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When an employee stops coming to work, do we have to formally fire them?

A reader writes:

I’m the only HR person in a high turnover construction-related business. Prior to me, the supervisors handled (or didn’t, is more like it) all their hiring and firing themselves. We often have people quit showing up for work, and in the past supervisors would just never contact them with their next report time/location rather than explicitly fire them. They would also ignore any phone calls if the person tried to reach them. The phrase they’ve used with me is “we kind of let them…go away.”

I don’t like the idea of leaving someone hanging there without a clear termination, so I’ve been making phone calls to these individuals to let them know we are letting them go. Is there a better way to handle this?

I’ve sent a letter a few times, but that delays the news by a couple days and I’m concerned about someone trying to come back after they’ve abandoned the job (it’s happened–they pretend like they were never gone) and I’d rather tell them immediately that we are letting them go than risk them showing up again, especially showing up on a jobsite where we would be liable if they present themselves as our employee and we haven’t formally terminated that employment. Do you have any other ideas? Or is a phone call the best answer in these situations?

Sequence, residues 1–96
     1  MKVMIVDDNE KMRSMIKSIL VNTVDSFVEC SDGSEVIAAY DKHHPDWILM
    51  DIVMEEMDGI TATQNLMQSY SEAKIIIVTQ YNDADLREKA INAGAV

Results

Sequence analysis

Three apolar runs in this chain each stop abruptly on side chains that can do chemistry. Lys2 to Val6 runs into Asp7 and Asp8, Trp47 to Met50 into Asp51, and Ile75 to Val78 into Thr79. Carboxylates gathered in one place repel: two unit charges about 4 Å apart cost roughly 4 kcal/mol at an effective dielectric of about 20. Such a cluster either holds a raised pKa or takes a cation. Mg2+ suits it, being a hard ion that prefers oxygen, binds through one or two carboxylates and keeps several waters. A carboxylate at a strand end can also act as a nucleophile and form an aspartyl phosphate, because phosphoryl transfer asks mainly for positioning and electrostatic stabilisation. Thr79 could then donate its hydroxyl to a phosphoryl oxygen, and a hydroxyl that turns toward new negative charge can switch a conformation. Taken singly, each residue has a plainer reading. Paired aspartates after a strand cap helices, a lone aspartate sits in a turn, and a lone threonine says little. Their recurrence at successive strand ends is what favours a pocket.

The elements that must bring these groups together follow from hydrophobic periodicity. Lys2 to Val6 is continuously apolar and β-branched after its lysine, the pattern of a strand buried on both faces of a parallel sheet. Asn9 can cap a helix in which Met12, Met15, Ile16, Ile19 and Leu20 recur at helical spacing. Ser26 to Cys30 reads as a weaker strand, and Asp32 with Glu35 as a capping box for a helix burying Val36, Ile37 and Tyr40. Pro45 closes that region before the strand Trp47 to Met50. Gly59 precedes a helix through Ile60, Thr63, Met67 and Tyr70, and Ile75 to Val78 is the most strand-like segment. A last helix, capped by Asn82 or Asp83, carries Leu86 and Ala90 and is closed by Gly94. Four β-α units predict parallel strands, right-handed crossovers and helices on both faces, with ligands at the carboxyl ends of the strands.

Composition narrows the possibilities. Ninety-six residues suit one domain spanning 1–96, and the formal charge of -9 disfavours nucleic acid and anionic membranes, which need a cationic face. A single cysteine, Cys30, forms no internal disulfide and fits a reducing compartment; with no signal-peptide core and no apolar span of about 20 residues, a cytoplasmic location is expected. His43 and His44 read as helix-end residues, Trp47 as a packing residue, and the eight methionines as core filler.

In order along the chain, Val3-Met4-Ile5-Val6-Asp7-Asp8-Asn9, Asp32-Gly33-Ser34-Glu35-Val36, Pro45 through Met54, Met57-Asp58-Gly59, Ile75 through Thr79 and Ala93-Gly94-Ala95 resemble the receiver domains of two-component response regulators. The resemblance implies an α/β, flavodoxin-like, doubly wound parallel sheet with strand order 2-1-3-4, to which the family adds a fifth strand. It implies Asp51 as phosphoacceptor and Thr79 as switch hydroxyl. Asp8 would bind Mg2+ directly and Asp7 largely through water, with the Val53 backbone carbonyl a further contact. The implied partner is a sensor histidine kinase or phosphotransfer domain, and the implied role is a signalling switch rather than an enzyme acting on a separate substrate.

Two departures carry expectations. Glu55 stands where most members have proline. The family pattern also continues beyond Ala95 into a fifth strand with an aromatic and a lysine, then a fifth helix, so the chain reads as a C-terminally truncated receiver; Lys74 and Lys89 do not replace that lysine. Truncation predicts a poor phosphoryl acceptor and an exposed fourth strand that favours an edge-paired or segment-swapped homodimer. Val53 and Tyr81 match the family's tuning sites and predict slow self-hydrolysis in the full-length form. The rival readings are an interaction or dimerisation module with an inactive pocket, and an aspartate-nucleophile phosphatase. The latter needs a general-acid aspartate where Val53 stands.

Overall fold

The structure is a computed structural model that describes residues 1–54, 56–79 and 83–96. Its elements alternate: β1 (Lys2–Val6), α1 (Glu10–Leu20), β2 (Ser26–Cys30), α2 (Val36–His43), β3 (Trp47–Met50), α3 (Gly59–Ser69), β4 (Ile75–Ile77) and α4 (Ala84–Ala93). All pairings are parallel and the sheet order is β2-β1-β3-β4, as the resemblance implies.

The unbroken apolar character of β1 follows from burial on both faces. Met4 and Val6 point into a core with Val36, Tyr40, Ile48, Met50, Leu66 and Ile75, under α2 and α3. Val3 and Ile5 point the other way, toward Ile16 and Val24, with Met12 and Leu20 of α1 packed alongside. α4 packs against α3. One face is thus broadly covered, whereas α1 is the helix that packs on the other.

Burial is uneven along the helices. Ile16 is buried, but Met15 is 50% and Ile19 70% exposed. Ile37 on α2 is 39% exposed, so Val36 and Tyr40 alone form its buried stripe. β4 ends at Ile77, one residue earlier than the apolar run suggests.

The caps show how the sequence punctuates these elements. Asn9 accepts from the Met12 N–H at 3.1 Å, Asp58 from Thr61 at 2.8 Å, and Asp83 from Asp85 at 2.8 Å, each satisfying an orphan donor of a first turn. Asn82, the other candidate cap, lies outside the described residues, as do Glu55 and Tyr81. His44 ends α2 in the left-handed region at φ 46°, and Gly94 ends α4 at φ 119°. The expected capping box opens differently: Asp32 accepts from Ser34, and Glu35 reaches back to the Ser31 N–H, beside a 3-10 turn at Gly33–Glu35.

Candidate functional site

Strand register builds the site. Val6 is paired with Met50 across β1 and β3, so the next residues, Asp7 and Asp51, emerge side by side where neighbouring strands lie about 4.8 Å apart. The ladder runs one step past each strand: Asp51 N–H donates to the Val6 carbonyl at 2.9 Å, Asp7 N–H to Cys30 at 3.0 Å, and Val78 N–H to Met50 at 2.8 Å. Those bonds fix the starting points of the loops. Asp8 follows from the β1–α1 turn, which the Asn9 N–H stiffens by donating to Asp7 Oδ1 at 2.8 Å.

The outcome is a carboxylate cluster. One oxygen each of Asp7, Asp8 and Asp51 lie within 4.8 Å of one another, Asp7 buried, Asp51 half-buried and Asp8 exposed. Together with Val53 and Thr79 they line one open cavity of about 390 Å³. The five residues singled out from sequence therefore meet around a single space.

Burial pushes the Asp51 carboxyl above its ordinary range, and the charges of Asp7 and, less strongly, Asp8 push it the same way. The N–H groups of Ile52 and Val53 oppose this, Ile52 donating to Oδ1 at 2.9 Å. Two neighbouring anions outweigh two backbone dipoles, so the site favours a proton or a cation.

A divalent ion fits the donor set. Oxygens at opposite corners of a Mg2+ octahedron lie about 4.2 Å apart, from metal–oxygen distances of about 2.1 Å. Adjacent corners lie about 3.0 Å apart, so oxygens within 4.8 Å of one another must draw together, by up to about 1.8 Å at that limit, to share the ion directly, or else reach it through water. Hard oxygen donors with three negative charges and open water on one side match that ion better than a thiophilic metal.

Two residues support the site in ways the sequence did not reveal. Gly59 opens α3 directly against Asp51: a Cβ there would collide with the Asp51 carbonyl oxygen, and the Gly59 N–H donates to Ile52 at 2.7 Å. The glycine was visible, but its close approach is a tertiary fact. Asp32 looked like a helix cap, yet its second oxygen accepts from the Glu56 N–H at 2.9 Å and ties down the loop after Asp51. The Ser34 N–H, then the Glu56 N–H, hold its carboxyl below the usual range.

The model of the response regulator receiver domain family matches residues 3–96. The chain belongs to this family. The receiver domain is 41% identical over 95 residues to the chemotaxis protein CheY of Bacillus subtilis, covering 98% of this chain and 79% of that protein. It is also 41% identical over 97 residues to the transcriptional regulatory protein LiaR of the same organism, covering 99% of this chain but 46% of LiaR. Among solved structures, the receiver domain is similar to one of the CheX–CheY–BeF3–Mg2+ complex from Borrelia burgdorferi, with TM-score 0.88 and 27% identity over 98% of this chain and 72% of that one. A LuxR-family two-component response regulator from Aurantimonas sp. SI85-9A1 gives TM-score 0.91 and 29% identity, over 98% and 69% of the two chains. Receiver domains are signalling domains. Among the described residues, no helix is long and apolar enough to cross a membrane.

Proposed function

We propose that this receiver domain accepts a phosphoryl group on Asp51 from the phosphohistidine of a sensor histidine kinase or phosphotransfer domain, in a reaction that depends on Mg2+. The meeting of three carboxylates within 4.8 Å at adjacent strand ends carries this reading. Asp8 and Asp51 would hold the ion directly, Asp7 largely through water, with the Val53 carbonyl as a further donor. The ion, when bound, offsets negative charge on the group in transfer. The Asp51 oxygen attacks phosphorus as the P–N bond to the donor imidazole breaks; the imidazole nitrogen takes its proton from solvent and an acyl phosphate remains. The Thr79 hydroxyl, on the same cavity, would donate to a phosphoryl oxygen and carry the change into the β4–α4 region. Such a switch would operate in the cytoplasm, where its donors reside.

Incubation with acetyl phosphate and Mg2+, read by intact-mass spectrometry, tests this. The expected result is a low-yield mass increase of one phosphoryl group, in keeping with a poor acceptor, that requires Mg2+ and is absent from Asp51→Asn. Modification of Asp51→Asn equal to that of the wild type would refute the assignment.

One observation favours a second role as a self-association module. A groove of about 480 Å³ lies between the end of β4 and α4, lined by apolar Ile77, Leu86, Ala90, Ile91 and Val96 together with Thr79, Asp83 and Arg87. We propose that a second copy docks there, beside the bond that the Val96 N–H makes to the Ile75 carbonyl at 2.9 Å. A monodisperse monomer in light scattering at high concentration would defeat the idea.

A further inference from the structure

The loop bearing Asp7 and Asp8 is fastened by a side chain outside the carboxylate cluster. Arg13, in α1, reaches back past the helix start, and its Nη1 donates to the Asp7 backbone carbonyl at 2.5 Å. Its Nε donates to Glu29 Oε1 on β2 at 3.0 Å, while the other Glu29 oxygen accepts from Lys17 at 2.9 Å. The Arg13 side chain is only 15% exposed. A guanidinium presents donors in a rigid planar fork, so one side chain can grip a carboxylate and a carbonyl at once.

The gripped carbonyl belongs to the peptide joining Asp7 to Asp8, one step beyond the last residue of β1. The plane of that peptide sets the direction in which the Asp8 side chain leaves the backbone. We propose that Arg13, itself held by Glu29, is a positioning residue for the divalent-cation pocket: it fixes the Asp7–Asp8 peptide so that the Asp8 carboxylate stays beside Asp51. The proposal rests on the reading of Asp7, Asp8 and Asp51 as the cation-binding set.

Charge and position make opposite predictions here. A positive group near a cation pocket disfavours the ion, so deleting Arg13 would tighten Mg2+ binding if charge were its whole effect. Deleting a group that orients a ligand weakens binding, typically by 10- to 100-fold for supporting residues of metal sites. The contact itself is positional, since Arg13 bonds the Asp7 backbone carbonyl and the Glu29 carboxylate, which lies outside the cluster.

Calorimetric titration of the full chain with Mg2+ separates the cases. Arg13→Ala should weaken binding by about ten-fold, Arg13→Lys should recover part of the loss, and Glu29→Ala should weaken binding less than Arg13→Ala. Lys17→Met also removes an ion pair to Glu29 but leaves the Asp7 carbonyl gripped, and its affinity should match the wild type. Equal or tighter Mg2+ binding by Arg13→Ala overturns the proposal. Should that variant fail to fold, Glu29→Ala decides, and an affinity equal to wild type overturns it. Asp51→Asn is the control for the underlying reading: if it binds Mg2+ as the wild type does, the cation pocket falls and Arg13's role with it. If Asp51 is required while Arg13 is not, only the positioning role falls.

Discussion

I understand that in a business where no-shows are common, it’s easy to assume the person peaced out, but one day one of those people is going to have been a no-show because they’re in a hospital bed somewhere or something else has gone terribly wrong.

So yes, you should call. If you don’t reach them, leave a message saying, “You didn’t show up for work today. We hope everything is okay. Please get in touch with us as soon as possible. If we don’t hear from you by X, we’ll assume you’re not returning.” Then, if you don’t hear from them by X, make another call confirming that you’re terminating their employment. (You can also follow this up with a letter if you want to, although I tend to think simply documenting the phone calls is sufficient.)

If you’re worried this policy will open the door to people no-showing but then calling you later to save their jobs, there’s no requirement that you take them back at that point. But at least this will allow you to make an exception if it does turn out that someone was hit by a bus or something.

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